Late one particular evening I was looking at the x3+5 Stopping Times Graph and its tiling,
and I began to be curious: I wonder what % of this graph is blue? What % is green? What % is orange? Recall that each color corresponds to a distinct convergent loop (blue is n=1, green is n=5, orange is n=19, etc). Really my question is: up to some fixed n value what % of the dots fall into each of the different convergent loops?
For each convergent loop let us define a function %(n) to be the percentage of hailstones ≤ n which fall to that particular loop. Graphing this for each n value up to 10000 gives us:
When I first wrote this program to test for the % memberships, I had no idea what to expect from the resultant image... But this picture startled me, perhaps primarily because the % memberships seem to be "chilling out" over time and perhaps (I hesitate to suggest this) approaching a limit? This was very unexpected.
I wanted to study this phenomenon further but the initial program I wrote for the task struggled to go much beyond 10^5. After some time and significant work, I re-engineered the machine so that it was much more efficient and streamlined and now could processes nearly arbitrarily far out given enough time. Here's a look at this same graph but much further.
It's very surprising. Given the tiling phenomenon, I guess it makes sense that the Collatz landscapes exhibit some degree of stability at large scales, but this is very stable behavior... much more so than we tend to expect from the Collatz System. Let's look at another example.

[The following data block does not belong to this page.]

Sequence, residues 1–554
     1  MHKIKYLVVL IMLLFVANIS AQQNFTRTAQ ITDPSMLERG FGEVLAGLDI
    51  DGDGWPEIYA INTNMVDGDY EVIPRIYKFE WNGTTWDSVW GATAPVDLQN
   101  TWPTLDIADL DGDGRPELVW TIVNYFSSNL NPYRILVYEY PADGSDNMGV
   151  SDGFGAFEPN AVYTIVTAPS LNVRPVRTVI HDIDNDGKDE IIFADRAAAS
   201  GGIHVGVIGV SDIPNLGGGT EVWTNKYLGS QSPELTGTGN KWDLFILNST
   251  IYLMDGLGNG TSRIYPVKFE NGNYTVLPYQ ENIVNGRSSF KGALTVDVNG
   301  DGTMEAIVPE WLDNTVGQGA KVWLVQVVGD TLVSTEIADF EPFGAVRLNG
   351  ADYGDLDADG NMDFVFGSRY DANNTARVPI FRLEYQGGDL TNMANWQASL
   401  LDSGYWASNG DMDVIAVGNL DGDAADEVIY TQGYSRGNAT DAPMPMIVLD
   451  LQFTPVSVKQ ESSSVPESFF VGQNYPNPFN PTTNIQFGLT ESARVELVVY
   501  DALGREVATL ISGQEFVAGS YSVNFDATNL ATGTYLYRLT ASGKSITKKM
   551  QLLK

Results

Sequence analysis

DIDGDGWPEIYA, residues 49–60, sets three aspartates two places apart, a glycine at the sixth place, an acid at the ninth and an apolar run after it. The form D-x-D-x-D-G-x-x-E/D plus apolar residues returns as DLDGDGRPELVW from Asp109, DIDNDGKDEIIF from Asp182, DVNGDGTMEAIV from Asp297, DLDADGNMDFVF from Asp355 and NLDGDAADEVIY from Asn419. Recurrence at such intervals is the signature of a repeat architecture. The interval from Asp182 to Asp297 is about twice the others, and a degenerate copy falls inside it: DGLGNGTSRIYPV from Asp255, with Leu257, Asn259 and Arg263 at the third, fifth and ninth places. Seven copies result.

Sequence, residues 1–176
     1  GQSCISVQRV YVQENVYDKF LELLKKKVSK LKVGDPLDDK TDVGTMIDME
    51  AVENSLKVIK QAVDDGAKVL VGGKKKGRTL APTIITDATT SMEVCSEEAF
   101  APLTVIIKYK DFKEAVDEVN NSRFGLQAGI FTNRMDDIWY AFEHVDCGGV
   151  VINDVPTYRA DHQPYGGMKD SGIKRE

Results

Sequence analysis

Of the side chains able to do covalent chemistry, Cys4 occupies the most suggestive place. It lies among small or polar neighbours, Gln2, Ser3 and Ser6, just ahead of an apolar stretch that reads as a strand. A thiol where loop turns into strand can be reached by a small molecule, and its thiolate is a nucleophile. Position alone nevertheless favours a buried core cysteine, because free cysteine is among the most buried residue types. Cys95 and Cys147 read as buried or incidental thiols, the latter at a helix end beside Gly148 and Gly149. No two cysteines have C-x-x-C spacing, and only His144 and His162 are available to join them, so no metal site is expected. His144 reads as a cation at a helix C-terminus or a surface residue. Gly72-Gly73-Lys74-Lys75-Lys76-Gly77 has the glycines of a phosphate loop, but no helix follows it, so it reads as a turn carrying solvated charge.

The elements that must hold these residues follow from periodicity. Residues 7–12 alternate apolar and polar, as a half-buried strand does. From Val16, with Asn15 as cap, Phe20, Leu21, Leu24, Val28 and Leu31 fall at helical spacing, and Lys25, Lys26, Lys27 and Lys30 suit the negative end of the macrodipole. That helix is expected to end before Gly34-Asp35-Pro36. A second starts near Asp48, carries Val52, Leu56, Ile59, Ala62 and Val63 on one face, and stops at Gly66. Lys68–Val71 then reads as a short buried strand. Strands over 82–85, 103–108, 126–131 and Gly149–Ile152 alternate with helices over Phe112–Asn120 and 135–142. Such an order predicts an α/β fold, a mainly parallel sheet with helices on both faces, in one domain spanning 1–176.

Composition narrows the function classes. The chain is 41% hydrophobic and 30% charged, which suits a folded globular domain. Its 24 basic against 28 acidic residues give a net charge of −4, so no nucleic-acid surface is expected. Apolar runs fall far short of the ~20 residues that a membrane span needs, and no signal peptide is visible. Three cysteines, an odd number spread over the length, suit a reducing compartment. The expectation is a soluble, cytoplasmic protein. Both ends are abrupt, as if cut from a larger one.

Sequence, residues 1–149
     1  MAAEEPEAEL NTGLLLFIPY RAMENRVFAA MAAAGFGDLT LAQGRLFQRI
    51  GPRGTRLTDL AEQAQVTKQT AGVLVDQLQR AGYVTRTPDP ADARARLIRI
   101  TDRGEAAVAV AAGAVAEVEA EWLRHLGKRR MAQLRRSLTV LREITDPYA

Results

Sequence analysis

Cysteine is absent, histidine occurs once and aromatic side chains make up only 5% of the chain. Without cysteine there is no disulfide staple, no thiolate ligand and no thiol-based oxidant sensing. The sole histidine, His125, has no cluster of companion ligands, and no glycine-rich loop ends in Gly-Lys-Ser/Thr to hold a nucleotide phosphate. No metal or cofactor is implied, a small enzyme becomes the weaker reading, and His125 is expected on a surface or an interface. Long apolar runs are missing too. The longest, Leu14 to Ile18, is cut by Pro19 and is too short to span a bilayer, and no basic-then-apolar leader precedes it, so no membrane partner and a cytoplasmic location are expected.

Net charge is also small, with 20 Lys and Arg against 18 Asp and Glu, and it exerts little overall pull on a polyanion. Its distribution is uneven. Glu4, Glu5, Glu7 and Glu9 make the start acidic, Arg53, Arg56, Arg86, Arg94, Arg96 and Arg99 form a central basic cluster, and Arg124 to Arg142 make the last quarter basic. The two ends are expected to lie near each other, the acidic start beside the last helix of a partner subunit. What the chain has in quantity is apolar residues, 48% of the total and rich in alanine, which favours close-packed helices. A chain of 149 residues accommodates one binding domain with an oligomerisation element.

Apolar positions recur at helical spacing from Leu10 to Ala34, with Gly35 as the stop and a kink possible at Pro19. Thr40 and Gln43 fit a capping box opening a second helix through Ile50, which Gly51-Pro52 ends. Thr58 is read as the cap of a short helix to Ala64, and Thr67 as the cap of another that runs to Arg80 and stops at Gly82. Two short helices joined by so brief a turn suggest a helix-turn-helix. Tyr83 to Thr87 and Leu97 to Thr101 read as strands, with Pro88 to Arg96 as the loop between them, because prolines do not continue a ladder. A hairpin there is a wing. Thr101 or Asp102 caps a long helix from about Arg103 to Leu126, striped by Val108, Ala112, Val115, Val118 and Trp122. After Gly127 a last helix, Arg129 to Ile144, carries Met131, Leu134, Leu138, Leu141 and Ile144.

The x3.564+1 World
We can see from this graph that the % memberships actually (surprisingly!) are not coalescing down to limit at all, but rather are stabilizing to some kind of a semi-sinusoidal wiggle. If we take just a few of those wiggles and zoom in on them, they look like:
Let's look at a few more examples.
The x3.428+1 World
The x3.001+1 World
The x1.7+2.5 World
A key fact is that it's not even just the various different convergent loops which have this sinusoidally stabile "wiggle" – all branches have this property too! Non-trivial ones anyway...
Non-trivial branches are defined as follows: Consider the x3+1 world. Any particular node tends to spawn many many more nodes and branches above it which spread out and out. But there are some that don't – I call them "Barren Branches" or "Trivial Branches" – which occur whenever a node is divisible by 3. These branches are tiny and have a % membership which drops to 0 over time. While slightly more complicated, trivial branches also occur in other xa+b Collatz Worlds.
To give you an example of the sinusoidal stability of the branches of x3+1 space, let's look at the % memberships of these 6 branches circled below (2 trivial, 4 non-trivial).
It seems we have discovered some kind of global stability hidden within the Collatz system.